He is also a creator of beautiful murals, a canvas painter, and he also sketches illustrations for books and more. Often compared to Caravaggio, he just completed a show that took place at Bahia Mar Yacht Club in Fort Lauderdale.
“At my last art show, someone compared me to Caravaggio, a contemporary take on him. My roots show through, my Renaissance training,” he said. “One world nurtures the other. I loved the classical training I learned in training horses as a young man in Aachen, and I love art and painting. One goes with the other in my life. Both are a process.”
Becoming a painter was not Roggenbau’s initial plan.
“My formal education in Germany was hard. I studied Roman languages and art to become a teacher in Germany,” he recalled. “My teacher said to me, ‘You are too talented to become a teacher. You must focus on art.’ And that is what I did. I focused on art and gave up my interest in horses for a while. I received a scholarship to paint in Italy. It was that same art professor who made that happen, and I am grateful. I truly believed I would never have the chance to be an artist because that is how we are raised in Germany. I thought I could only become a teacher.”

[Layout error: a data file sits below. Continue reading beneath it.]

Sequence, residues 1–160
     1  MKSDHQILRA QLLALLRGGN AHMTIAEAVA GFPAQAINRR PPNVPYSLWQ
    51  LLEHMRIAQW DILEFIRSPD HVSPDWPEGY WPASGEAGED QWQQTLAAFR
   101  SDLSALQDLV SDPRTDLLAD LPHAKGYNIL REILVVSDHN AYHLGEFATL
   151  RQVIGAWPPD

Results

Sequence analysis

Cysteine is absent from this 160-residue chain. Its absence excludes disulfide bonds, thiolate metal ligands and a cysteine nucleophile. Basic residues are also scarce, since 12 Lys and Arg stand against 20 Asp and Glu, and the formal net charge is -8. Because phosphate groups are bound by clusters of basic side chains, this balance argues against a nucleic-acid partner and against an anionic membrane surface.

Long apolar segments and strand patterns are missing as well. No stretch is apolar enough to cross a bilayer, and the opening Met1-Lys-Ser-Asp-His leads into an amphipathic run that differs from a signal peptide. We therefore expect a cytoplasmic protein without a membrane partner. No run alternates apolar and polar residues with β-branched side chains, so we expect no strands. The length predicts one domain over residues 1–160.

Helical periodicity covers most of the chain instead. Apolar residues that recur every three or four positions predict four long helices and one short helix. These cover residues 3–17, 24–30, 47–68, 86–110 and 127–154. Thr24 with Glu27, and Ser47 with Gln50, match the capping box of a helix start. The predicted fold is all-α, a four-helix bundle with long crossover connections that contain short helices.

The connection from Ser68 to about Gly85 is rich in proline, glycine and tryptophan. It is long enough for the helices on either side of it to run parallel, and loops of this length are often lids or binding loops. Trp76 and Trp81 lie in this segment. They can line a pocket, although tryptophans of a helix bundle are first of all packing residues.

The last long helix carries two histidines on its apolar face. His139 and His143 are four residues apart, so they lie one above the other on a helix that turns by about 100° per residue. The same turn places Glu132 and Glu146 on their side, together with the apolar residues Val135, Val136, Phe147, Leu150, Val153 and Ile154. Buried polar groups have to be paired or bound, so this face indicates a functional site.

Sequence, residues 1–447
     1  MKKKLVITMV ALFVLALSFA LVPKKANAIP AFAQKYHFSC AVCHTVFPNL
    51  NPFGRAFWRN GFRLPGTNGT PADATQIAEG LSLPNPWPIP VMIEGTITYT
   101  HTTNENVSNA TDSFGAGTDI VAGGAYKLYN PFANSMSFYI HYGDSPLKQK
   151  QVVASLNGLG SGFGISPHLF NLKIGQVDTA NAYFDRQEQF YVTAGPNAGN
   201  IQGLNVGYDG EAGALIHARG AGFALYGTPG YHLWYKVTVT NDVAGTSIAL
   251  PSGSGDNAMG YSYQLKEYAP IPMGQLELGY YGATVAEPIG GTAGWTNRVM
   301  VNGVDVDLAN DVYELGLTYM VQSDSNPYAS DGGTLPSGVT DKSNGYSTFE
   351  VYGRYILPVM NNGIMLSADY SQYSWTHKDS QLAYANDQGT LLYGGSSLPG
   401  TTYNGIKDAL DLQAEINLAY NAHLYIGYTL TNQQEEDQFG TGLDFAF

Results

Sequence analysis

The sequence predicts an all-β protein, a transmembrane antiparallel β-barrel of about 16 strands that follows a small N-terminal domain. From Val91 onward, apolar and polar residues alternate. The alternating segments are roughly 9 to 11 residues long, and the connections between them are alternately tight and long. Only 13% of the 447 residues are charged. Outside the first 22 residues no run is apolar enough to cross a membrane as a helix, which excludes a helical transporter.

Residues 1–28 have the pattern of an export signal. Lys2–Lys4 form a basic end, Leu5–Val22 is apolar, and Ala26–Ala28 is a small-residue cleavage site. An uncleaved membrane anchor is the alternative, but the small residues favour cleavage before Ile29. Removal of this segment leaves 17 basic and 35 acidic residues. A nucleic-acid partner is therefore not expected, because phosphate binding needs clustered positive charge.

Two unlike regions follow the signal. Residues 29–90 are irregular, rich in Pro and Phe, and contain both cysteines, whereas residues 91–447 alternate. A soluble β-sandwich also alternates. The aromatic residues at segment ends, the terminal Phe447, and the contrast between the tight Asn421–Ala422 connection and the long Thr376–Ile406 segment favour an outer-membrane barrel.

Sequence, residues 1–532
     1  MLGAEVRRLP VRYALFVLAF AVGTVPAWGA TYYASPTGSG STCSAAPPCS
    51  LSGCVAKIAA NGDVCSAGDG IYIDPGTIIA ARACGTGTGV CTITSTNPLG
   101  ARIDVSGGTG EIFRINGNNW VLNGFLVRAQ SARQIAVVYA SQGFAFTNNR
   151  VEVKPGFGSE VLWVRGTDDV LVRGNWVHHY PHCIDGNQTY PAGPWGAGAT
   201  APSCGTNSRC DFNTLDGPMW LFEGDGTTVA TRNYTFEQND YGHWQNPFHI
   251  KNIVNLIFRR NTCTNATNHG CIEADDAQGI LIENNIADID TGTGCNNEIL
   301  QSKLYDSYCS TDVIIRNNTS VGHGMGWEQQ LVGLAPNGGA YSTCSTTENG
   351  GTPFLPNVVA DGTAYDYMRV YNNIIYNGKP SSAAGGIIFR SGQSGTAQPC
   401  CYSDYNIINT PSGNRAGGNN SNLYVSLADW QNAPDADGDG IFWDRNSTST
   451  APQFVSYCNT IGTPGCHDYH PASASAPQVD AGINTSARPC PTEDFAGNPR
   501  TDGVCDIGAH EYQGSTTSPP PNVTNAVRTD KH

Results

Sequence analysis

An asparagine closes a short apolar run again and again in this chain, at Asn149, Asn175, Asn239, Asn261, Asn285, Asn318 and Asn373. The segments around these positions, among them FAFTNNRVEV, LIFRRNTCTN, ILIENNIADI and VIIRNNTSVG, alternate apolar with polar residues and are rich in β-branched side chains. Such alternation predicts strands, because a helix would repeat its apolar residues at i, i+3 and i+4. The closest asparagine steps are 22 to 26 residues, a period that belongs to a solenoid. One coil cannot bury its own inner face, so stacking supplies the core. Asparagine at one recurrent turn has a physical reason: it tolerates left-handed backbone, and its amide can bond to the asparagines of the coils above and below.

He loved languages and set out to learn French, Italian, Spanish, Latin, English and Dutch. “I was lucky because Aachen is a small German triangle of different countries,” Roggenbau said. “In five minutes you can be in Holland or Belgium. You go shopping in Holland and have a coffee in Belgium and have dinner in Germany.”
Learning equestrian disciplines in Germany is not easy.
“In Germany, we have the riding school, and it’s very serious,” Roggenbau said. “In Germany, you have a very strict instructor, and as a young boy, I didn’t like that. Later in life, I met a dressage rider with a beautiful style, and I found the artistic side of riding. Then, I wanted to pursue that communication and that connection with the horses.”
Though he never competed, Roggenbau worked horses up to the Grand Prix dressage level.
On the way to his full scholarship at the Academia San Loenzo de Medici, in Florence, Italy, Roggenbau had to complete a three-month Italian cultural studies program.